First and most important are the parents, supported either by their church or secular resources, eg, charitable organizations providing information and contraceptives for those choosing that route, or the many "Sex Ed" books available at the library, some written at the child's level of development. Amazon has a whole section in children's books>Growing Up and Facts of Life. As noted earlier put a few on the child's bookshelf and encourage questions. When the child needs them hesh will find them.
Perhaps surprisingly I think the child's church should be the choice for parents who do not choose to be involved. Make sure your church school has a sexuality resource center no matter what the doctrine is. The child will have to live with the consequences of that doctrine so they had best know what it is. Note that child is pre-pubescent. If they learn before the hormones kick in they are more likely to make better choices.
The worst choice for parents who don't want to be involved actively is unfortunately porn. Make sure the door is open to talk about it. They will see it. Banned or not. If they can't talk to parents and mentors, they will learn from peers and porn stars.
Still, education simply cannot satiate curiosity, it won't. Your 12 year old is still going to want to see what he can see on the internet. After all I have seen and even done I still have curiosity myself from time to time.
That is where things can get weird, even with eduation kids are still forming impressions and still forming connections and can get things sadly wrong with some of the stuff they can see online.
I almost ( I said almost, not quite) think you should do some porny web surfing with kids to be there to correct where things are wrong and where it is not realistic. But I also believe in strong boundaries and can't imagine doing something like that myself. Funderey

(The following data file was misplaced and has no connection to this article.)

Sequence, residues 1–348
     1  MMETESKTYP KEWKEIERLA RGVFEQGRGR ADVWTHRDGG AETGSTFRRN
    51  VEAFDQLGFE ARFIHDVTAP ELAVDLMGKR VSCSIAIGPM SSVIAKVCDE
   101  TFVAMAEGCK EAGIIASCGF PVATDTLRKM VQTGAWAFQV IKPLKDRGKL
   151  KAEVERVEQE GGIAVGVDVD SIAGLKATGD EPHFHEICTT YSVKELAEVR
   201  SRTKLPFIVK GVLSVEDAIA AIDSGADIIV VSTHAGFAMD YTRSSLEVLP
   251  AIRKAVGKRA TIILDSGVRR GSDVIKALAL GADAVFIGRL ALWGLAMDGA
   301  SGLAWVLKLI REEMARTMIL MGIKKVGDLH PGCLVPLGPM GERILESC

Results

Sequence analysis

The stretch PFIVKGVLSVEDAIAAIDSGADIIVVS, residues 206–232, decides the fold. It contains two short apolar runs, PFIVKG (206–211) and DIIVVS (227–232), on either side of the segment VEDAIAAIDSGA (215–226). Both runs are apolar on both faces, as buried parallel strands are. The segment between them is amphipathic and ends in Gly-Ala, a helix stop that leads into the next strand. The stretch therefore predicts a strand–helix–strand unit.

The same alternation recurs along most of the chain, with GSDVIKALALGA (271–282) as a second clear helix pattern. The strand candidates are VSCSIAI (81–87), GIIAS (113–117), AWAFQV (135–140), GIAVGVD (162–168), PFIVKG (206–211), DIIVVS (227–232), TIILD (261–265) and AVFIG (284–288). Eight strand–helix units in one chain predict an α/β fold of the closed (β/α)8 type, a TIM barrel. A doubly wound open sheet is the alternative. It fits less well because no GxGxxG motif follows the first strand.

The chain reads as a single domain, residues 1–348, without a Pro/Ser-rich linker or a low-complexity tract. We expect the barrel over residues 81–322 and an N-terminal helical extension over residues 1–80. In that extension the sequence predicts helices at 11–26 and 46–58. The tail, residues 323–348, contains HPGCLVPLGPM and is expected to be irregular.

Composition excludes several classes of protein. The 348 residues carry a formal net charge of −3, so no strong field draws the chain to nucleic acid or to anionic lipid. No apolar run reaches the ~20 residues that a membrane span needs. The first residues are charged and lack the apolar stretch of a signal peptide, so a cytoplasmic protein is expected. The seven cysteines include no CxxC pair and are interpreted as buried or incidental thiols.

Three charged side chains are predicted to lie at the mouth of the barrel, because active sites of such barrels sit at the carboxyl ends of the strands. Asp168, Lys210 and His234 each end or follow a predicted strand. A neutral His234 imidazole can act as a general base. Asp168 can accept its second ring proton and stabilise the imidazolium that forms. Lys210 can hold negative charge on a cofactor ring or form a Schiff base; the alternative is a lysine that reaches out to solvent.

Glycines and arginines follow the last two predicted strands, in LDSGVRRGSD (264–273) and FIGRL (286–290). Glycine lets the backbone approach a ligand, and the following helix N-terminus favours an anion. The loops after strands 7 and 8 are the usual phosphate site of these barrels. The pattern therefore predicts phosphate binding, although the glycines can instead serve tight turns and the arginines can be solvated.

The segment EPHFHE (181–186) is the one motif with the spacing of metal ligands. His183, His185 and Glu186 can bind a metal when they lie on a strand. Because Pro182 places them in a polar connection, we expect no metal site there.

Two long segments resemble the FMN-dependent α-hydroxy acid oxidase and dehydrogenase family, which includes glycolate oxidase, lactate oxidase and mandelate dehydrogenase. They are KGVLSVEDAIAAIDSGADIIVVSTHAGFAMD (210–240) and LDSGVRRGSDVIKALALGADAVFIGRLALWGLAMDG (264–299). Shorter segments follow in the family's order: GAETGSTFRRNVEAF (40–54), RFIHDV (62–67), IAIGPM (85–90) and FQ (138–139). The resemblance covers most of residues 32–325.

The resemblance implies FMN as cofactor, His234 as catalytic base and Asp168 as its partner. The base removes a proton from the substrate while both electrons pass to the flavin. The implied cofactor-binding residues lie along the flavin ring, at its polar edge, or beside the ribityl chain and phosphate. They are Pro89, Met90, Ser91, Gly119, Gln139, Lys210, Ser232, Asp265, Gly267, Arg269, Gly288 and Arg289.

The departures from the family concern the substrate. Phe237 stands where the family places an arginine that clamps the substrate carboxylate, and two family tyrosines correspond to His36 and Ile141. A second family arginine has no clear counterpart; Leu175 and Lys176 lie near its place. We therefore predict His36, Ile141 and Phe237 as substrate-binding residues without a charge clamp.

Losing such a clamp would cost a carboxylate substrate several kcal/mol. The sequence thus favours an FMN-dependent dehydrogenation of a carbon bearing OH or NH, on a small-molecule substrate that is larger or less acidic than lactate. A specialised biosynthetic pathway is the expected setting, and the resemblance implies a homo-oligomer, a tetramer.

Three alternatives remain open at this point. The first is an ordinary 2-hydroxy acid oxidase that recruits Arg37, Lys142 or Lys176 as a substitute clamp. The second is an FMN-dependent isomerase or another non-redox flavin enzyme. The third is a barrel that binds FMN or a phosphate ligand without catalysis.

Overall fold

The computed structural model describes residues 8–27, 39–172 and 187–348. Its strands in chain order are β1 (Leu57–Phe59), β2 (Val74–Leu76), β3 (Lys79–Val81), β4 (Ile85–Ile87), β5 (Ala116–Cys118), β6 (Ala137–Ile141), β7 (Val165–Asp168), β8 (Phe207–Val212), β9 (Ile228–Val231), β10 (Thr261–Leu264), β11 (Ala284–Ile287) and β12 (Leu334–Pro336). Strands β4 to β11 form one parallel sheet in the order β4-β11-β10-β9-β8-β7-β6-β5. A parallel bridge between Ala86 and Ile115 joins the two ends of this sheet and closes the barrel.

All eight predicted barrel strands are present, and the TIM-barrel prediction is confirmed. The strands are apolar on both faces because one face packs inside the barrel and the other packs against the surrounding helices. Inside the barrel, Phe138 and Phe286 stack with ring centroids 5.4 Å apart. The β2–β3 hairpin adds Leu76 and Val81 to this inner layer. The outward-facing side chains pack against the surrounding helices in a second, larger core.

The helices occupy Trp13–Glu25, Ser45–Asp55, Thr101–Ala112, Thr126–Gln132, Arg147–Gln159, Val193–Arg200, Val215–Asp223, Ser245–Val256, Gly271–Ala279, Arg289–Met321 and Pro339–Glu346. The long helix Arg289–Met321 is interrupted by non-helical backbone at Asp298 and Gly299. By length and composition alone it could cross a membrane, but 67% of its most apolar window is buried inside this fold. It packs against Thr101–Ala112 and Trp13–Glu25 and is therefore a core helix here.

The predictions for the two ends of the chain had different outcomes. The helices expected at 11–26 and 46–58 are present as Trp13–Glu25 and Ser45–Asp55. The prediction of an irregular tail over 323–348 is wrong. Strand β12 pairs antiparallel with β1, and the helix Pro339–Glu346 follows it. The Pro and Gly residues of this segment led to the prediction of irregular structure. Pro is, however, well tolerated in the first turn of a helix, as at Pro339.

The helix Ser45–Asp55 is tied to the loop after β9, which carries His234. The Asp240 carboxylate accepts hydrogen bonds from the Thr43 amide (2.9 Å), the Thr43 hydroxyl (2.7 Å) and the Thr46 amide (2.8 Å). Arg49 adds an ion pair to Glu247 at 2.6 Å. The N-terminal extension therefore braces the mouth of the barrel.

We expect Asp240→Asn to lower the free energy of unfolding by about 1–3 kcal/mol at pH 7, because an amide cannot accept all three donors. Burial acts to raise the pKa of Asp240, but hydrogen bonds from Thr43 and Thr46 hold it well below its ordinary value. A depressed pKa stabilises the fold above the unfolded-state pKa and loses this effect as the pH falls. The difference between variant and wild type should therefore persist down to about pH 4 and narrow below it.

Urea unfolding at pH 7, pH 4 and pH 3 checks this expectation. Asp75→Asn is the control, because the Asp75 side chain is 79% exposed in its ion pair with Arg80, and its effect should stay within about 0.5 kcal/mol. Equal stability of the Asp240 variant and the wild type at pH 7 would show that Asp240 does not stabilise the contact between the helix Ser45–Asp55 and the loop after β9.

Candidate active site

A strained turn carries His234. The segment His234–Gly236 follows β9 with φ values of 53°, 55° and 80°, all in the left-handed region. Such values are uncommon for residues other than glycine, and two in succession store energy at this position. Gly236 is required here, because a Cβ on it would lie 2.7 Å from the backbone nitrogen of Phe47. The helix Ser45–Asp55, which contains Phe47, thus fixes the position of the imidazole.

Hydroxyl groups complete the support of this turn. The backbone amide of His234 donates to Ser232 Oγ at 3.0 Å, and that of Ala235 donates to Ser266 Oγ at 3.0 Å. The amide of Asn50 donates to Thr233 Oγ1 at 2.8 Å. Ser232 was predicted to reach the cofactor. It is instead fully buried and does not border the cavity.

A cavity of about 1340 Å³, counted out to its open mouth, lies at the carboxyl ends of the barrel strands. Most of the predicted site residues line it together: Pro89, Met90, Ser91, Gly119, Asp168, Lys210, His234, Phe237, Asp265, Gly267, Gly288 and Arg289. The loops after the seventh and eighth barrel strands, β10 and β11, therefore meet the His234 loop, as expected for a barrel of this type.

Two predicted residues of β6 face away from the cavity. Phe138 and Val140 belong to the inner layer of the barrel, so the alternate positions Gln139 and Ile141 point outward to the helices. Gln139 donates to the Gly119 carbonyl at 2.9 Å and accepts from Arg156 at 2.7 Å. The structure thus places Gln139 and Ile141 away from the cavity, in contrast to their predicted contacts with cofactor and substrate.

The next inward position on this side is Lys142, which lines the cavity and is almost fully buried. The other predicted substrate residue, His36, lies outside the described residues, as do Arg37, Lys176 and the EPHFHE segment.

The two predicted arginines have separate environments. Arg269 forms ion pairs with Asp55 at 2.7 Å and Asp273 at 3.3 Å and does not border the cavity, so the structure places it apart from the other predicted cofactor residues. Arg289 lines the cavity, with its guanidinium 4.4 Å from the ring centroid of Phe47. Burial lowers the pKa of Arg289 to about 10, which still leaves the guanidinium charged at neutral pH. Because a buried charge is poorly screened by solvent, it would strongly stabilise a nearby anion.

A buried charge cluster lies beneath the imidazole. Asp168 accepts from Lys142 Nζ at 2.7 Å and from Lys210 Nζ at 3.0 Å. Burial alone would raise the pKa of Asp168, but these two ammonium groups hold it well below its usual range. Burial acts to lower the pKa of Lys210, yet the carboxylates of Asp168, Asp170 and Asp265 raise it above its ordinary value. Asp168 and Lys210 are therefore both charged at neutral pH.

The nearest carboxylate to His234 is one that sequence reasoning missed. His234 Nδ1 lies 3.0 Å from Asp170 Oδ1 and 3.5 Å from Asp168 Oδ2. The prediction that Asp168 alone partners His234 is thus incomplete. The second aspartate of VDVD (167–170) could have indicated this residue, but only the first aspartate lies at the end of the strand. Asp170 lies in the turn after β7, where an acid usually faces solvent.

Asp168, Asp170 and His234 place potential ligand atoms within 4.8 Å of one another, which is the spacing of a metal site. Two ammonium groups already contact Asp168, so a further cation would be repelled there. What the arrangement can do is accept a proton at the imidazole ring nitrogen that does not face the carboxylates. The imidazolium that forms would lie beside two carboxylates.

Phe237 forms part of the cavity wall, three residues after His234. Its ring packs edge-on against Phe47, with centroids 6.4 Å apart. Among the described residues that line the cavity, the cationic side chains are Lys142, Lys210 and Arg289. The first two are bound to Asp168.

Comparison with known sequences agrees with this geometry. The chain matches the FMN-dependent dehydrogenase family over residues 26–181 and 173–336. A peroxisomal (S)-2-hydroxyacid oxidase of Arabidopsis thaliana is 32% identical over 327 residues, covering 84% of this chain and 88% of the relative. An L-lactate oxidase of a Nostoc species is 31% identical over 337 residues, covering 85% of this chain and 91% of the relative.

There is a difference between education and indoctrination. Education is open inquiry where questions and issues are invited and welcome. When a 12 year old surfs some disturbing porn, either they will hide it if indoctrinated and get things wrong, or if educated ask a trusted mentor what the hell is this? But they have to know what "Normal sexuality" is in their culture before they can ask about "Abnormal sex"
I still find you wildly unrealistic and out of touch here. NO, your average run of the mill - NON indoctrinated, not even religious 12 year old is not going to be totally up front and honest about the porn he or she surfed. They will talk to their friends if it is particularly weird. funderey
One of the early activities in a sexuality education curriculum is defusing taboos. A bunch of taboo words are written on a sheet of butcher paper, and the kids are asked to write synonyms under them and cross out any wrong synonyms. Then the fun begins. "What is wrong with that crossed out word?" asks the facilitator. The kids begin to argue and all sorts of taboos see the light of day. But the kids learn that they can discuss anything at all, and they do. One thing they usually argue about is whether a word is nice or not, and the facilitator smiles. Sexuality education has just sprung up unannounced.
I may be out of touch with the real world, but I have been asked questions by pre-pubescent kids that I had to research to answer. And I told the kid just that. Not that it was wrong, just that I didn't know.